UPDATE: Civic center board ices USHL, chooses CHL
Discussion about which league to pick turns contentious.
By Scott Aust, Journal staff
But there is a difference in the type of play, Davis said. The USHL is much younger and has players who may have more energy and enthusiasm. However, the CHL has more mature, professional players who are physically and emotionally at a different level of hockey.
But the fact that the CHL has an ownership group ready and the USHL doesn’t tilted his choice toward the CHL, Davis said.
“If I was asked to vote, I would vote for the CHL because there’s a program in place and the USHL may have as strong a program, but they’re behind the 8-ball,” he said.
Mayor Jim Shaw strongly advocated for the CHL because of its professional caliber compared with the USHL, which he called “high school” hockey.
“I think the USHL is a fine program. ... I don’t mean this disparagingly, but high school hockey is high school hockey. They may be super players, but it’s still high school players attempting to move on to a Division I university system and then perhaps work their way up to the CHL or NHL.”
“It’s a couple of steps below the NHL, but it’s a couple of steps above the USHL,” Shaw said.
Matt Fitting, a local citizen, said referring to the USHL as a high school league is not entirely accurate. He said it is an amateur league that includes players who are also young college-age students.
“The quality of hockey is definitely not two steps below the CHL. The USHL is a phenomenal group of hockey players, and it’s exciting, fast-paced hockey,” Fitting said. “We’ve had pro teams in the past and none are still here. Some made it for awhile, some left for different reasons, but we haven’t had one that stayed for the long term. An amateur team might do better.”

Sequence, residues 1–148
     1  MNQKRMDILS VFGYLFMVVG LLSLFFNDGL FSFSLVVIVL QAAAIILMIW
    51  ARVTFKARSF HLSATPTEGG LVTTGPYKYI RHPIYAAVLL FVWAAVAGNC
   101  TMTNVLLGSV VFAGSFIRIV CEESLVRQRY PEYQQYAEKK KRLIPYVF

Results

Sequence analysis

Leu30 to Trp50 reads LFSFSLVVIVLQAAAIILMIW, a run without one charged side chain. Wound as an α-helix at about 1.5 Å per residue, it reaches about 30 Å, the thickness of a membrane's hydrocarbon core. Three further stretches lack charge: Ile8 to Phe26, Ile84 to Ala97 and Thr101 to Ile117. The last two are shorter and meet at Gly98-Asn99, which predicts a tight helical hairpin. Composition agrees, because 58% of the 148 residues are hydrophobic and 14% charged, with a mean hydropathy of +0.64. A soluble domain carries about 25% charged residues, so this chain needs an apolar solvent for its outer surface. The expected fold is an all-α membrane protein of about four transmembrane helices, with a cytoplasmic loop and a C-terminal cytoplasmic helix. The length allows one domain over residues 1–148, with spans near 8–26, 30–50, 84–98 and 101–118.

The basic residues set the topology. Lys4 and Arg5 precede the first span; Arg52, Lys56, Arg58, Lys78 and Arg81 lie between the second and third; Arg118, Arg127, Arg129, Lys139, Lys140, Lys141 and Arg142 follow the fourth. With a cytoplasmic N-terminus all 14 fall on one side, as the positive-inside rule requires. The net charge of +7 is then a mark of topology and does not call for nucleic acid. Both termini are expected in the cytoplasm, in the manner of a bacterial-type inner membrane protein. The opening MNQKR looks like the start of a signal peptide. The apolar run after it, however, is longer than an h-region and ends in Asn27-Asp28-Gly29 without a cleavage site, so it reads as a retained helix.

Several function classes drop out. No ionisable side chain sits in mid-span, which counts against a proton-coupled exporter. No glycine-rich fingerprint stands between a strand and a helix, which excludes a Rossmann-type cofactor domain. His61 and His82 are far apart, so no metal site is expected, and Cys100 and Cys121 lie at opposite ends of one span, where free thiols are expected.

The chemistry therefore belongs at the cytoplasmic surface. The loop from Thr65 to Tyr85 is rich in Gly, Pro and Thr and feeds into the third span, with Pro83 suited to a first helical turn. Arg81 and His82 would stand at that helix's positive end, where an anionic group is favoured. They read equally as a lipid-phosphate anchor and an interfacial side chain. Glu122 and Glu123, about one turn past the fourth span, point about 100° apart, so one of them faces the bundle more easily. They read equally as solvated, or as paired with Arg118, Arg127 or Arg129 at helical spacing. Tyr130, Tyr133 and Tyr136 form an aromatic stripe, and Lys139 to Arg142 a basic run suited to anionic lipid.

Dan Petereit, a local physician, said he also preferred the USHL because he felt it would have a better chance of sustainability with players on their way up. However, he said he would support either league.
“I don’t think the CHL is a bad choice. I just think USHL would be a better choice when it comes to overall impact on this community and sustainability,” he said.
As discussion continued, Shaw argued with the USHL supporters, calling some of their points about the benefits of rivalries with nearby franchises and the support the community shows other youth sports like Post 22 baseball “silly” and “absurd.”
The discussion grew so intense that board chair Mike Diedrich finally stopped the debate.
Steve Nolan, a local attorney, said a local ownership group was being put together for the USHL but got started late after mistakenly assuming the USHL already had an ownership group in place. Nolan hoped the board would delay its decision for a couple weeks so the group could make a presentation but said either league would provide good hockey.
“We’re not here against the CHL. If that’s the decision made, we will be season ticket holders of the CHL. They will be involved in the community, too. I didn’t expect to come here today and get into a debate or an argument,” Nolan said.
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